HRC Calls for Stronger Laws and Increased Protection of Transgender Women
July 21, 2014 by HRC staff
In response to the discovery of 26-year-old Mia Henderson's body in West Baltimore -- the sixth transgender woman of color murdered this year -- HRC has called for more concerted efforts to protect transgender women from unprecedented levels of violence and harassment.
Henderson – an African American, transgender woman – was found dead in an alley on Wednesday by local police. Ms. Henderson is the sister of LA Clippers Guard Reggie Bullock.
"Even as the transgender community experiences historic visibility in the mainstream media and increasingly inclusive protections under the law, the reality is that for far too many transgender individuals – particularly poor and working class transgender women of color – violence and brutality are facts of their every day existence," said Fred Sainz, HRC Vice President of Marketing and Communications.
Henderson is the second transgender woman murdered in Baltimore within the last two months. The body of Kandy Hall – a 40 year-old transgender woman – was discovered on June 3. Both Henderson and Hall were murdered after Maryland Governor Martin O'Malley signed a historic statewide non-discrimination bill that included gender identity and expression earlier this year.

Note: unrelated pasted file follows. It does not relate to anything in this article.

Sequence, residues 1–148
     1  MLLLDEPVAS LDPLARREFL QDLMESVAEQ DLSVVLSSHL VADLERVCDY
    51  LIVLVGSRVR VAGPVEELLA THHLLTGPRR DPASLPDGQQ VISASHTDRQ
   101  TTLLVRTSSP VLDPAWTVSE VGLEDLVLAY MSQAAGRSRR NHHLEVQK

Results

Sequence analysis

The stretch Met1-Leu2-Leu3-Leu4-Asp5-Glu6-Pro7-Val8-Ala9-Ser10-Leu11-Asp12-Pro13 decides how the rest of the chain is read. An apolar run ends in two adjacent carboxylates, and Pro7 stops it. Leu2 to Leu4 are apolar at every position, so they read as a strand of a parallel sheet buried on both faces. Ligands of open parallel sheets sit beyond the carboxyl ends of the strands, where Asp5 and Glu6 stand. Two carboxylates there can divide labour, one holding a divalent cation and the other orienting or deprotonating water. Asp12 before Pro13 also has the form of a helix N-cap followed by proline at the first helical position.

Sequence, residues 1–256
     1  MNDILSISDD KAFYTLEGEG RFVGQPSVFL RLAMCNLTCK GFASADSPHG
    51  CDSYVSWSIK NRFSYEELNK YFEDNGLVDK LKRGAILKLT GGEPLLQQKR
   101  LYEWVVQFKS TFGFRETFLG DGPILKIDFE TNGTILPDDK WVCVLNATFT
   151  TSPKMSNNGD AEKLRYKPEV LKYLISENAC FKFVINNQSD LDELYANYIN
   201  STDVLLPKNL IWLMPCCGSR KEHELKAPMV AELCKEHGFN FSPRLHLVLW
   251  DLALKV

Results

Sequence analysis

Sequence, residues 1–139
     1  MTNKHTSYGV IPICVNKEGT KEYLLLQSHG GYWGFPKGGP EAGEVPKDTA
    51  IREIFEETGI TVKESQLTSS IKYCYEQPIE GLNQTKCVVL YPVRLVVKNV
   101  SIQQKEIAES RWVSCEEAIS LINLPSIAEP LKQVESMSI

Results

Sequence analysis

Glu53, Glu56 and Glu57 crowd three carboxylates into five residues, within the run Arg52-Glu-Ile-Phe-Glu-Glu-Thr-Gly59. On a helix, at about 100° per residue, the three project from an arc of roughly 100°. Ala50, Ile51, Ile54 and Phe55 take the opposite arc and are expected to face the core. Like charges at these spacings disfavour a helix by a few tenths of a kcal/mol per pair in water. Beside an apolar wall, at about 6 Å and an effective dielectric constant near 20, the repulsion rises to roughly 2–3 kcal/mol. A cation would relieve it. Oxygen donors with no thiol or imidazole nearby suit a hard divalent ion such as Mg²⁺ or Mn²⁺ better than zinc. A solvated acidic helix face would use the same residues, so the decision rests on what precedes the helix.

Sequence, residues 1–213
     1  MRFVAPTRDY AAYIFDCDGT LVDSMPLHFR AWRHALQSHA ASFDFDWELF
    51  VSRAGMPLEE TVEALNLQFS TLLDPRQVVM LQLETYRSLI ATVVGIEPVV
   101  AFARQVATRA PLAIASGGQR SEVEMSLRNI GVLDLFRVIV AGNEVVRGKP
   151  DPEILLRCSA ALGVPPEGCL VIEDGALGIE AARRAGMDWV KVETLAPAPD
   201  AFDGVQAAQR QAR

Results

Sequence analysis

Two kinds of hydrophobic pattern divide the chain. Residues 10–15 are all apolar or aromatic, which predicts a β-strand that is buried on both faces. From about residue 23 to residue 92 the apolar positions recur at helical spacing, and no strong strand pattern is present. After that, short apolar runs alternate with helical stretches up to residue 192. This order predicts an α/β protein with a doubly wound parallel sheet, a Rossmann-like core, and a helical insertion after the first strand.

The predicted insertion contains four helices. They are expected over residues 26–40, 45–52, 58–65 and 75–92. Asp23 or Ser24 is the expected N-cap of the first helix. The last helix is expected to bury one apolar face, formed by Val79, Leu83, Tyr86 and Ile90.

The 2011 report from the National Center for Transgender Equality and the National Gay and Lesbian Task Force on the experiences of transgender Americans found that nationally, black transgender and gender non-conforming people often live in extreme poverty, with 34% reporting a household income of less than $10,000/year, eight times the rate of the general U.S. population. Transgender women of color face disproportionate levels in violence in comparison to other members of the lesbian, gay, bisexual and transgender (LGBT) community. According to a report by the National Coalition of Anti-Violence Programs (NCAVP), 72 percent of LGBTQ homicide victims in 2013 were transgender women and 89 percent were people of color. Discrimination in employment, healthcare, and persistent racism can reinforce one another to place transgender people of color at greater risk for poverty and violence.
"The importance of the statewide non-discrimination bill in Maryland cannot be overstated. We need to continue to move these protections at the state and federal level, but the truth is that while policy change is critical, it is insufficient in and of itself," said Jeff Krehely, HRC Vice President and Chief Foundation Officer. "We need a concerted effort to raise awareness that transgender people are an important part of the community and to address the persistent issues of violence and poverty facing so many in the transgender community.”
Krehely continued, "We call upon states and municipalities to raise the visibility of the transgender community and to help transgender workers through focused employment and other anti-poverty programs. Only then will we begin to curb this epidemic of violence facing transgender women."
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